I ponder experiences that broke me open as I cried buckets of tears, running to the throne of grace for help in my time of need. Change and healing do come, the balm of Gilead, and compassion and empathy make their abode in me with a better understanding of my brothers and sisters.

I am astounded by God’s love, displayed through Jesus, how it moves me to surrender to His way of loving others. That kind of love transforms me.

Over the next few days I will add to my Joy List. As I consider what to record, I  will look at the world with eyes of gratefulness and a heart of thanksgiving. I will see grace and beauty, faith and kindness, and I will know each comes from God whose essence is love.

Showers of blessings, like so many falling leaves, are all around.

. . . whatever is good and perfect comes to us from God, the Creator of all light, and He shines forever without change or shadow.”
                                            — James 1:17 Living Bible

Sunday grace

It’s about love. That is it. That is all.

Francis Chan said this: “We are here to love. Not much else matters.”

My best intentions are pointless unless they are birthed from love. My sound advice may not be well received unless it is clothed in love. My wise words will be sounding brass and tinkling cymbal unless guided by love.

Why do we think we have the answers for other people’s situations, and why do we feel the need to pour it on them like a dose of needed medicine? How can I possibly understand someone else’s journey when I have not walked it or even listened enough to picture where they are?

Wait. Let me examine the mote in my own eye before I try to remove the speck in yours.

Love is patient when frustrations run high and people don’t do what I want.
Love is kind even in difficult circumstances, when others are unkind to me.
Love is not envious of another’s gifts, beauty, talent, possessions or success.
Love is not boastful but remembers that all things come from God’s hand.
Love is not proud of accomplishments but rather humbly serves from a heart of gratitude.
Love does not dishonor others by words or actions.
Love is not self-seeking but wants what is best for the other person.
Love is not easily angered and is therefore self-controlled.
Love does not keep a record of wrongs; it keeps forgiving and forgiving.
Love does not delight in evil but rejoices with the truth and justice.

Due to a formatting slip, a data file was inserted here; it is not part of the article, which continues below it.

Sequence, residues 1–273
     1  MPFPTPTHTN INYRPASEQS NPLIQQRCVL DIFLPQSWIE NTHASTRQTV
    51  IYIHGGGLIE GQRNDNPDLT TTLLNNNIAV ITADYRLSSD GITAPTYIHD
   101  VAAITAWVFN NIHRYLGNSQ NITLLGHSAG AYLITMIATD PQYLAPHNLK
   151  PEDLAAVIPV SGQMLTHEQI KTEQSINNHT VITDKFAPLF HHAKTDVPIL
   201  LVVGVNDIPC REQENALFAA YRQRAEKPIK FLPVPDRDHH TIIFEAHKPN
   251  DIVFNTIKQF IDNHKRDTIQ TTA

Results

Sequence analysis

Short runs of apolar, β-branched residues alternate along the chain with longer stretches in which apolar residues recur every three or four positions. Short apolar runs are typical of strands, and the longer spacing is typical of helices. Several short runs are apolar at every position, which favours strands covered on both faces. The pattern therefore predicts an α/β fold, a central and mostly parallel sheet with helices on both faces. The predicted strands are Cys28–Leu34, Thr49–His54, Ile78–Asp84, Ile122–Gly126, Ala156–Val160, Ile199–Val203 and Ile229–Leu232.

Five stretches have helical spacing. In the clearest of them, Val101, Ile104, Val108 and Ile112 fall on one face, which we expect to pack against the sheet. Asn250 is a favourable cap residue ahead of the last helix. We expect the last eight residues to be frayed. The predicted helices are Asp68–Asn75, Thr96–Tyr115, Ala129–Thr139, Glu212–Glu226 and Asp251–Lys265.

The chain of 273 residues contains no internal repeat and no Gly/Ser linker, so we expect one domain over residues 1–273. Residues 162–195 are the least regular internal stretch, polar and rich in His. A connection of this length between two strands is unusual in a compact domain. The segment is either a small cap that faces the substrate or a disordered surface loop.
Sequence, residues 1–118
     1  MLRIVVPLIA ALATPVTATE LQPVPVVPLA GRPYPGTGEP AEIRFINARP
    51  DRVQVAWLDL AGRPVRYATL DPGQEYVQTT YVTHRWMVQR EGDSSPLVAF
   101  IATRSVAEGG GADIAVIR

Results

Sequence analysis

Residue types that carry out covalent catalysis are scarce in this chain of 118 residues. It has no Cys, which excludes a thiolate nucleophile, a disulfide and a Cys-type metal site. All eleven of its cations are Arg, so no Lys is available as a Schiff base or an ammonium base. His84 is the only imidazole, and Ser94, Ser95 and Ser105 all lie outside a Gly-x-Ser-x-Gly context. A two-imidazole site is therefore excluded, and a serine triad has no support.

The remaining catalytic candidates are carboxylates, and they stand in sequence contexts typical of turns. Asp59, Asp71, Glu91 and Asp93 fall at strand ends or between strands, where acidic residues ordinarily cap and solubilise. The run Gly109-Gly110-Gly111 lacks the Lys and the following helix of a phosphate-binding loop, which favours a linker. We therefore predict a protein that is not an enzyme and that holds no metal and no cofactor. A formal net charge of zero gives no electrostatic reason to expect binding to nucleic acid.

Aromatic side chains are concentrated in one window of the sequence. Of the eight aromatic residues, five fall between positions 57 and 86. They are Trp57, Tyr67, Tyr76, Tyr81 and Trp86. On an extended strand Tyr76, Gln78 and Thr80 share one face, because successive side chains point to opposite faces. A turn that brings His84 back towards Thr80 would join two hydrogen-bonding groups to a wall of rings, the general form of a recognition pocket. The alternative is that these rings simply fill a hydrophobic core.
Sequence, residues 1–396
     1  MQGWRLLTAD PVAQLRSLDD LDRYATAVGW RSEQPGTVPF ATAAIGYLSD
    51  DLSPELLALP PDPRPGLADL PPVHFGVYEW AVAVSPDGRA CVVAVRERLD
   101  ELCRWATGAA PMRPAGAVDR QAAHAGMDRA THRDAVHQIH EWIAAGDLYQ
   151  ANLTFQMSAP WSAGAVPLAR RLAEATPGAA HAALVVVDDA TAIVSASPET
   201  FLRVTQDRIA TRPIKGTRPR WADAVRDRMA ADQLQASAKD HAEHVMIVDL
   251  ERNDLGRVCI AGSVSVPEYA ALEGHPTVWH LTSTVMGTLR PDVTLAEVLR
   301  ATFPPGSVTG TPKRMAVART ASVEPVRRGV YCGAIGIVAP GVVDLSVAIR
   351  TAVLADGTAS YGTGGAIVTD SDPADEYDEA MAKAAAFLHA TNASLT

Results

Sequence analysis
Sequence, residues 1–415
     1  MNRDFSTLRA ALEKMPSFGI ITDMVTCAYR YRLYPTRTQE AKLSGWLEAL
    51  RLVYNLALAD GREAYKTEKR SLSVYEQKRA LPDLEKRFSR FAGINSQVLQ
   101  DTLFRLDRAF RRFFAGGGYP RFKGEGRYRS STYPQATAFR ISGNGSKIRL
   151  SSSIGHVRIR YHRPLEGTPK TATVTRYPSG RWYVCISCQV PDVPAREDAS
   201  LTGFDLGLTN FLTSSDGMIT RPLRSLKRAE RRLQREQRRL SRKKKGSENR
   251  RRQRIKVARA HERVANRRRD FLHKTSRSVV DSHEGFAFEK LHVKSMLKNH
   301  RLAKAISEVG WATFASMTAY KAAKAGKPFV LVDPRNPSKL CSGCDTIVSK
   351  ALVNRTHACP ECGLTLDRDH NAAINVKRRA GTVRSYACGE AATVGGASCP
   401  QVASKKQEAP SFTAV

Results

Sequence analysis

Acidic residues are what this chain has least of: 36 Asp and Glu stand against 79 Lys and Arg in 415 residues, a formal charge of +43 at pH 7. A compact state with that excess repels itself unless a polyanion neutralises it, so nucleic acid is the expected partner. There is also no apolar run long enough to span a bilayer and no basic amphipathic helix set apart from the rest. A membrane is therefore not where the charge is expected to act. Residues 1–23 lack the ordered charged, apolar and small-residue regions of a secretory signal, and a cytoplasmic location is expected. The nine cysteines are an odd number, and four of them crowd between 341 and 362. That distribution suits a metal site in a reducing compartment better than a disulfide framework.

Love always protects, always trusts, always hopes, always endures, even when, and especially when, it is hard.
Love does not fail. Love is primary. *

Dear Father in Heaven,
I’m convicted as I write the words about love. I fail often and I falter too much in loving well.

Your kindness leads to repentance. You draw us to Yourself by loving the unlovable.
May my words be kind, always. May I be patient even in my tribulation.

May I offer grace in the abundant way I have been given grace.
May I be quick to forgive and keep no record of offenses.
May Your perfect love touch the deep places of my heart and cast out fear.
May Your mighty power work in me so I can comprehend and acknowledge how wide, long, high and deep Christ’s love is.
May I come to know this love, though it surpasses knowledge, and be filled with the fullness of God, so that I live according to love’s direction.
I pray this in Jesus’ name, the One who loved us with His life and with His death. *

Amen

* From 1 Corinthians 13 and Ephesians 3

Tuesday thoughts

A text on a Sunday morning, read between band practice and the beginning of service, sets my head to spinning. Someone is in the hospital. It’s serious.

Sweet William and I go as soon as we can. We see the grave faces of the family, observe the mechanics of the ICU room, and gaze upon the stillness of our friend.

There is nothing we can do but offer love and prayer and our presence.

By the next morning, I hear of his passing. Another death in so few months. And I am broken open by a broken world where death comes without warning and life feels too short. I wonder how I am to live with the reality that all of us face the same end?

What is life about here on an earth that groans with its own longing as if in the pains of childbirth? I groan with it, eagerly waiting for the perfection of all things when tears will be wiped away forever.

I experience what is common to all. Birth. Death. And in between are a multitude of experiences, joyous as well as heart-rending. What is the purpose?

I’m full of questions without answers.

I remember Paul’s words how the resurrection of Christ is our hope in a world of hurt. If we do not know that reality, we live in misery, without expecting anything better. We live futilely looking for meaning when there is sickness, pain, and death all around.

While living is radiant, joyous, abounding in good things, gifts from a benevolent God, there is the harsh reality of suffering and we are left wondering. In our hearts we know it isn’t supposed to be this way. We feel the call to the flawless Eden when God made everything and called it good, very good.